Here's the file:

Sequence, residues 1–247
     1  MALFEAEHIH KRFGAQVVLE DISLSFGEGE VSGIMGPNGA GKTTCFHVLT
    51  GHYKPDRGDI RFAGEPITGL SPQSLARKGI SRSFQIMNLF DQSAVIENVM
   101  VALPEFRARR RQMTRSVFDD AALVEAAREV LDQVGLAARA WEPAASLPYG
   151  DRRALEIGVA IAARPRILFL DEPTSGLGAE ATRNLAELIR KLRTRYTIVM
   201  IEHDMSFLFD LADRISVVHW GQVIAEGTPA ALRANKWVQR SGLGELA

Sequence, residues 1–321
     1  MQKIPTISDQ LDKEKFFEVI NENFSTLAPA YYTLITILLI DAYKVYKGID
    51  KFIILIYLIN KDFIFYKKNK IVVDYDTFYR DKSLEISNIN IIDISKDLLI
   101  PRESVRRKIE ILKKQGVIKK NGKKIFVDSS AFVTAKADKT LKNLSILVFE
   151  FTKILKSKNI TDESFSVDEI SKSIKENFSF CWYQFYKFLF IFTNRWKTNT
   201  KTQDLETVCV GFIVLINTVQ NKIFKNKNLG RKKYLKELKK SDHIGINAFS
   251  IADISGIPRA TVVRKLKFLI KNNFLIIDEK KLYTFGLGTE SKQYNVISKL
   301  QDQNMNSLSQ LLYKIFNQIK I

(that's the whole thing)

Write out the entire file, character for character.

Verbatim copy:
Sequence, residues 1–247
     1  MALFEAEHIH KRFGAQVVLE DISLSFGEGE VSGIMGPNGA GKTTCFHVLT
    51  GHYKPDRGDI RFAGEPITGL SPQSLARKGI SRSFQIMNLF DQSAVIENVM
   101  VALPEFRARR RQMTRSVFDD AALVEAAREV LDQVGLAARA WEPAASLPYG
   151  DRRALEIGVA IAARPRILFL DEPTSGLGAE ATRNLAELIR KLRTRYTIVM
   201  IEHDMSFLFD LADRISVVHW GQVIAEGTPA ALRANKWVQR SGLGELA

Sequence, residues 1–321
     1  MQKIPTISDQ LDKEKFFEVI NENFSTLAPA YYTLITILLI DAYKVYKGID
    51  KFIILIYLIN KDFIFYKKNK IVVDYDTFYR DKSLEISNIN IIDISKDLLI
   101  PRESVRRKIE ILKKQGVIKK NGKKIFVDSS AFVTAKADKT LKNLSILVFE
   151  FTKILKSKNI TDESFSVDEI SKSIKENFSF CWYQFYKFLF IFTNRWKTNT
   201  KTQDLETVCV GFIVLINTVQ NKIFKNKNLG RKKYLKELKK SDHIGINAFS
   251  IADISGIPRA TVVRKLKFLI KNNFLIIDEK KLYTFGLGTE SKQYNVISKL
   301  QDQNMNSLSQ LLYKIFNQIK I